The energy of youth movements in the Arab world has spread to Lebanon as young activists are organising weekly protests calling for an end to the country's sectarian politics.
Movement organisers are using online social networks to plan their events, the most recent of which occurred Sunday (April 3rd) in Sidon. Another protest is scheduled for April 10th for Beirut.
Over the past five weeks, thousands of young activists participated in Sunday protests in a campaign titled "The Lebanese people want to drop the sectarian system", which is also the name of a Facebook page that includes 20,660 people and carries the slogan "Say 'no' to sectarianism, poverty, high prices, corruption, nepotism, unemployment, waste and exploitation."
The demonstration on March 20th in Beirut attracted about 20,000 people of different affiliations from various regions. Demonstration leaders said the groups highlight the religious and political diversity of the participants by taking a different route each time, while raising a picture depicting Lebanon's prominent political leaders with the slogan "No to the sectarian symbols of the regime."
Activist Bashar Zuaiter is stationed daily in a tent set up by his colleagues in front of the Ministry of Interior in Beirut, which has been transformed into a gathering place for popular movements.
"Our movement was launched on Facebook. We were influenced by events in Tunisia and Egypt. We called for a demonstration on February 27th that drew an overwhelming response. The second demonstration drew more participants, and at the third, the number exceeded 20,000," Zuaiter said.
He said they positioned the tent in front of the Ministry of Interior because the ministry is responsible for issues such as personal status, election law, and nationalization. A number of similar tents were set up in Sidon in the south and Aley in Mount Lebanon to explain the concept of non-sectarianism to the public.
According to Zuaiter, the tent is starting to receive visits from politicians, notably former Prime Minister Salim Hoss, who expressed support for the movement's demand to abolish sectarianism. Zuaiter hopes politicians do not exploit the activists' demands to serve their own personal interests.
After their protest on March 20th, a group of young campaigners with the "The Lebanese people want to drop the sectarian system" met with Parliament Speaker Nabih Berri, who asked them to provide him a draft amendment to the Personal Status Act that he could present to the House of Representatives for expedited consideration.
The Lebanese Constitution calls for elected officials to eliminate political sectarianism according to a phased plan and form a national body to oversee the change but such steps have not been adopted yet.
Some believe that the participation of thousands in demonstrations was not the result of social networking through web pages, but rather the result of partisan and sectarian manipulation by political parties who encouraged the movements.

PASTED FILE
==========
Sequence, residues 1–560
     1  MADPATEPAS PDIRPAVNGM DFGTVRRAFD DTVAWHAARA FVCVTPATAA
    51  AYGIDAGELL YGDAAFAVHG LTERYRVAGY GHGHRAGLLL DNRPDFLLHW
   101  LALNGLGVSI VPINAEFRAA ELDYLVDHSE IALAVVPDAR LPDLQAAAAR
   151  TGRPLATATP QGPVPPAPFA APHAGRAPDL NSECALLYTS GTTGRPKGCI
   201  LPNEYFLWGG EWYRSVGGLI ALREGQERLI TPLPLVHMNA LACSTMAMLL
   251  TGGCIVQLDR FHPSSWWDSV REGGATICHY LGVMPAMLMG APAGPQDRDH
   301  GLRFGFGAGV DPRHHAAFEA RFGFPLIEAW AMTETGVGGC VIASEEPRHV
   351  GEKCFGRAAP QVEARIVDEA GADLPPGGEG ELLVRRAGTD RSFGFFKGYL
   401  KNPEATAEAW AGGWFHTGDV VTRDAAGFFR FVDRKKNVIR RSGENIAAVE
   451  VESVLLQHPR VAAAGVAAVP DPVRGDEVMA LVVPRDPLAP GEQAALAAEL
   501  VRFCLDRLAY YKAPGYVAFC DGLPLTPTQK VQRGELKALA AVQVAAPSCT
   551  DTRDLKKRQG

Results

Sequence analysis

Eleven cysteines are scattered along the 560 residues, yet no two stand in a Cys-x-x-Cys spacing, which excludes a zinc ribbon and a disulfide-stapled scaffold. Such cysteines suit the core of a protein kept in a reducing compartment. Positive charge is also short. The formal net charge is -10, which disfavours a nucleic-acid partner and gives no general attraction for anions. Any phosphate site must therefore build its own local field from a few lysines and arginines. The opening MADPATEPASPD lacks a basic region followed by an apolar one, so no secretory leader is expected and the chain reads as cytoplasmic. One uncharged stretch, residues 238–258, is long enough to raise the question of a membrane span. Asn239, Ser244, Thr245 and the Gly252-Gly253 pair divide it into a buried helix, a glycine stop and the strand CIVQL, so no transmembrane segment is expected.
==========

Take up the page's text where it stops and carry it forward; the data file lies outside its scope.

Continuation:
Minister Michel Pharaon questioned the timing of the demonstrations and their origin. "I am not against the abolition of sectarianism, but [change] should be brought about in a gradual manner in an atmosphere of tranquillity and stability. The atmosphere is currently extremely charged with sectarianism," he said.
Journalist Jihad Bazzi said the timing of the demonstrations is expected given "the hope for change generated by the revolutions of the Arab youth, and the political impasse reached by the March 8 and March 14 forces. They (the demonstrators) were just waiting for the motivation to break the fear of failure to bring about change."
Fadi Madi, an organiser with the "National People's Campaign to drop the sectarian system", another movement that is active on Facebook and that holds activities in downtown Beirut, told Al-Shorfa, "The young people demonstrating in the street are entirely opposed to both March 8 and March 14, and those firing the accusations are individuals who could be adversely affected by the abolition of political sectarianism in the country."
Junaid Sariyudin, a director, actor and anti-sectarian activist, denied that political parties stood behind these movements. "If there were parties behind these movements, the crowds would have been several hundred thousand strong because the parties can mobilise large numbers of supporters," he said.
"If this movement is able to achieve a breakthrough in resolving problems such as the adoption of a unified history book, an election system based on proportionality, or the issue of civil marriage, the system's sectarian chain would begin to unravel," he said.
Ibrahim Murad, president of the Syriac Union Party, told Al-Shorfa, "We support the abolition of sectarianism on the condition that possession of arms is restricted to the Lebanese state, and citizenship is reinstated to those who are of Lebanese descent along with granting them the right to vote because most of them are Christians."
"Lebanon was built on a foundation of various spiritual sects, and sectarianism cannot be abolished without a comprehensive dialogue whereby all controversial issues are raised," he said, pointing out that Christians have become a minority. "Who would guarantee their rights if sectarianism is abolished?"
The new Maronite Patriarch Bechara al-Rai has expressed support for the abolition of political sectarianism, but he wondered "What do we mean by sectarianism, and by abolishing it? And if abolition occurs, what is the alternative?"
He said he supported a secular state that respects religion, adding that Lebanon is a secular country that respects civil rights and all religions with no sect or denomination monopolising political or military power.